ZIM Piraeus isn’t Israeli-owned or flagged, incidentally, it is Greek operated.

Foolish me, thinking the goals were the destruction of Hamas thereby giving peace a real chance.

The free-spirted lifestyle didn’t hold your interest; the needs of your people did.

And why would the U.S. align itself on these issues with Turkey and Qatar, longtime advocates of Hamas’s interests?

Several years ago the city concluded that the metzitzah b’peh procedure created unacceptable risks for newborns in terms of the transmission of neo-natal herpes through contact with a mohel carrying the herpes virus.

The world wars caused unimaginable anguish for the Jews but God also scripted a great glory for our people.

We were quite disappointed with many of the points the secretary-general offered in response.

Judging by history, every time Hamas rebuilds their infrastructure, they are stronger than before.

His father asked him to read Psalms from the Book of Tehilim every day.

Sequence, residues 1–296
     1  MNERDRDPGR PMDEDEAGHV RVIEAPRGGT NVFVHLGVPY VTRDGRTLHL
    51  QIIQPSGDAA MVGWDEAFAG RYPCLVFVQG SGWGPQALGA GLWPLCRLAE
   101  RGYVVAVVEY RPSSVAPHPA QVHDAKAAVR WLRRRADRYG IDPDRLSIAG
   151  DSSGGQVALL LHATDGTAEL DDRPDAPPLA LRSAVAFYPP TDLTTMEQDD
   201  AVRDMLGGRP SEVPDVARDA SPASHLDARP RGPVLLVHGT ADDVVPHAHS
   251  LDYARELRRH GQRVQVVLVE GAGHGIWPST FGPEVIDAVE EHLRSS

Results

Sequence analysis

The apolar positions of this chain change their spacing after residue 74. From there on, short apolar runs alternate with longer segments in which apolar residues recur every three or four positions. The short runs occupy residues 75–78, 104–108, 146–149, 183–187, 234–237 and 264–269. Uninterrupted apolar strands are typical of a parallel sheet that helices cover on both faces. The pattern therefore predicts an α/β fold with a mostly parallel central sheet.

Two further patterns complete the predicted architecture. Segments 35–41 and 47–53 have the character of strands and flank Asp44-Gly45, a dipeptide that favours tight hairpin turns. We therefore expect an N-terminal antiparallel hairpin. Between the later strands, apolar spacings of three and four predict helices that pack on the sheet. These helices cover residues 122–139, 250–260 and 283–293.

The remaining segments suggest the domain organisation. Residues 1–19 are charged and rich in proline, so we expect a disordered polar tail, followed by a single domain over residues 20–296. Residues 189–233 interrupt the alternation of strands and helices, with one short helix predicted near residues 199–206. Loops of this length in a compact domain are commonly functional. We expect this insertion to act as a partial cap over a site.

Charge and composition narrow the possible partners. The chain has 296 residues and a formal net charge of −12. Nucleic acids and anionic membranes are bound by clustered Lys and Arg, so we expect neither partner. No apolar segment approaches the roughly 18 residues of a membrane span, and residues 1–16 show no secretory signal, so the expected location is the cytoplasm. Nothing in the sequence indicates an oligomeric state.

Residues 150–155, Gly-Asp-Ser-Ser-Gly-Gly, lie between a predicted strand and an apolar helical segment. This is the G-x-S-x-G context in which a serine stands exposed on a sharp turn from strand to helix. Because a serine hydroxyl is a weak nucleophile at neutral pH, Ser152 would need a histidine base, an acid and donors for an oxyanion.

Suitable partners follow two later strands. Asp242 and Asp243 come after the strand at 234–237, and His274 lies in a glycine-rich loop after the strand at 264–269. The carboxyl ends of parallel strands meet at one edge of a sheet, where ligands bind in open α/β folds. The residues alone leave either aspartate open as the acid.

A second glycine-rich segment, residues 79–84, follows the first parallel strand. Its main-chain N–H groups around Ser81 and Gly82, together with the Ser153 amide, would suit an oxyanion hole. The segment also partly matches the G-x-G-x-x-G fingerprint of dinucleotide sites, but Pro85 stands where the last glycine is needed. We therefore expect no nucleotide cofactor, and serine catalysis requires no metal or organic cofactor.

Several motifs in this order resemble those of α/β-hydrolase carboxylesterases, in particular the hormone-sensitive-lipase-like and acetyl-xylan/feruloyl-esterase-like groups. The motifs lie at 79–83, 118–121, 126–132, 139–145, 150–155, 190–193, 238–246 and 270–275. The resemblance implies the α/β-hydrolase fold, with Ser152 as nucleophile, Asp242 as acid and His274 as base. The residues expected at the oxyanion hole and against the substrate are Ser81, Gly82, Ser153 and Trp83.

More Articles from Rabbi Philip Lefkowitz

Senator Robert Byrd, Democrat of West Virginia, died recently. The other day I saw a clip of him singing “Amazing Grace.” The sincerity in his voice was unmistakable. And why not? That hymn is his only saving grace. For Byrd found his faith in the Baptist church, which teaches that all sin can be washed away “in the blood of Christ.” It is divine grace and not good works that rights the wrongs perpetrated against one’s fellow human beings.

Having received a number of comments regarding my Jan. 1 op-ed article “Its Time to Bring Back the Communal Cold Shoulder,” it’s apparent that I need to clarify my position.

In 1890, William Blackstone organized a conference in Chicago of Christians and Jews to respond to the pogroms then occurring in Russia. The group unanimously passed a resolution urging world leaders “to stay the hand of cruelty from these time-honored People which have given them as well as us our Bible, our religion, and our knowledge of God.”

Born a few years prior to the establishment of the state of Israel, I still feel the thrill of its emergence on the stage of nations.

    Latest Poll

    Do you think the FAA ban on US flights to Israel is political?






    View Results

    Loading ... Loading ...

Printed from: http://www.jewishpress.com/indepth/opinions/cold-shoulders-and-cheeseburgers/2010/01/20/

Scan this QR code to visit this page online: